“The memory of things gone is important to a jazz musician,” he says. “Things like the old folks singing in the moonlight in the backyard on a hot night, or something someone said long ago. I remember I once wrote a sixty-four-bar piece about a memory of when I was a little boy in bed and heard a man whistling on the street outside, his footsteps echoing away. Things like these may be more important to a musician than technique.”

-Duke Ellington

The New Yorker, June 24, 1944 Issue / “The Hot Bach – I”
By Richard O. Boyer
newyorker.com/magazine/1944/06/24/the-hot-bach-i


To combat writer’s block and help “jumpstart” my creativity I started keeping a compositional journal at the urging of a teacher. I took the journaling one step further, however, to include musical AND non-musical items befitting Ellington’s above concept:

• photos from a family vacation, day trip, museum visit
• a particularly profound quote or idea from a video, poem, book, or interview
• a catchy chord progression or melody fragment I’ve overheard out in public or on TV
• an anecdote from a conversation, gig, lesson
• an inspiring visual art piece

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[As a side note, my “journal” is mostly my iPhone – voice memo, notes, camera, instagram/twitter, as well as a small “field notes” notebook. Above, a screenshot of my notebook/journal, including a quote from the 1969 documentary film, “Ornette, Made in America”,  describing Ornette’s uncanny ability to sound like Charlie Parker.]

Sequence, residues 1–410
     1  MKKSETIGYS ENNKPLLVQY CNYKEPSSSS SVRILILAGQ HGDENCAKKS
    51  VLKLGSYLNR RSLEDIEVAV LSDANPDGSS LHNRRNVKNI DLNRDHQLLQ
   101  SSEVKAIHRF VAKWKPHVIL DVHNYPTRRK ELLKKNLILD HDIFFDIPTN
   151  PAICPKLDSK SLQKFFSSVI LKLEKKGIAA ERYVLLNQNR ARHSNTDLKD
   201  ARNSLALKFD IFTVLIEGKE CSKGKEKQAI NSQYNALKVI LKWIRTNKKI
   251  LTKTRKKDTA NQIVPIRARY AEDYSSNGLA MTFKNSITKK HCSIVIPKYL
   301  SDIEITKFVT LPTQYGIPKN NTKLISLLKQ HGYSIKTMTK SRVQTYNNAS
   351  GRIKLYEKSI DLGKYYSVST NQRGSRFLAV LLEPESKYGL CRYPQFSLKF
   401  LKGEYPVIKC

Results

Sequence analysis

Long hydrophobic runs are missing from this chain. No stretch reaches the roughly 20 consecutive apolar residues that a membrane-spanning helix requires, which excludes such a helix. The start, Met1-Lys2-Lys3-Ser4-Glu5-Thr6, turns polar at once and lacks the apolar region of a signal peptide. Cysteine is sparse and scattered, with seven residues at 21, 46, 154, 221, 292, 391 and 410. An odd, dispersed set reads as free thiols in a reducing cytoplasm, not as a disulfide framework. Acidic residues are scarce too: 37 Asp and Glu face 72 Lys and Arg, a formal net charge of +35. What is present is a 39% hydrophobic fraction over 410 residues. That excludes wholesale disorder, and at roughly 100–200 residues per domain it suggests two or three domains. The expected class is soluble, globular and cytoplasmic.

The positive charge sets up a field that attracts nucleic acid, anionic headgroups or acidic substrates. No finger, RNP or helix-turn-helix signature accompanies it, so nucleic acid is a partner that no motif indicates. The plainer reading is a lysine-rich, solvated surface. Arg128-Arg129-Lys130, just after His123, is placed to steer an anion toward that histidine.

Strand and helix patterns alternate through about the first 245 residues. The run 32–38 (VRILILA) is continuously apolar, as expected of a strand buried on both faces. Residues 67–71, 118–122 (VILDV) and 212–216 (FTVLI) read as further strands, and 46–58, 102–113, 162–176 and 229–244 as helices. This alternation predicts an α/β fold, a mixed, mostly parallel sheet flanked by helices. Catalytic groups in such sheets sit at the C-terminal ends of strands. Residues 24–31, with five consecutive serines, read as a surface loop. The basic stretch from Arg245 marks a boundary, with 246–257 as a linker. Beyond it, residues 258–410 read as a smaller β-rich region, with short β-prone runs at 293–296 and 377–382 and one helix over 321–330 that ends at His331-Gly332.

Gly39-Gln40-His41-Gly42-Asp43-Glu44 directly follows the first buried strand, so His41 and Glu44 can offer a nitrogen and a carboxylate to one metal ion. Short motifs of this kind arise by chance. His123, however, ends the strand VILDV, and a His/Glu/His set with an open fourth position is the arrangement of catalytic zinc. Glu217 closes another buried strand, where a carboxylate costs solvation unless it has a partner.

I wrote the piece “Bender Park” based on a wild adventure I had with my three boys, in which we discovered a mysterious and hidden place. The film footage was taken by my then 9-year old son at “Bender Park” in Oak Creek, WI.

“The Good Land” on Shifting Paradigm Records
SPR: http://www.shiftingparadigmrecords.com/lesser-lakes-trio.html 
Bandcamp: http://bit.ly/TheGoodLand
iTunes: http://bit.ly/LLT_iTunes
Amazon: http://bit.ly/LLT_Amazon

 

Make the road by walking

Life experiences, personal relationships, childhood memories, visual expressions – the smells, tastes, sights, and sounds of daily life… the musicians who I am connected to most have this in their music. It can be explicit or implicit – but it can be felt. Can I hear your story in your music? Am I telling my story in my music?

As musicians/artists/humans, it is our ultimate goal to “find our own voice”. Finding one’s voice is a seemingly endless journey. It is a lifelong pursuit and a beautiful struggle of self discovery. We spend years listening, analyzing, emulating, studying, and we hope that the end result is that a unique identity develops. I often think of Clark Terry’s famous “Three Steps” to learning the art of improvisation, “Imitate, Assimilate, and Innovate”. This is a complete yet simple distillation of the process we spend our entire careers grappling with. In 2017, we have a universe of music to choose from; limitless paths of discovery – so which direction to choose?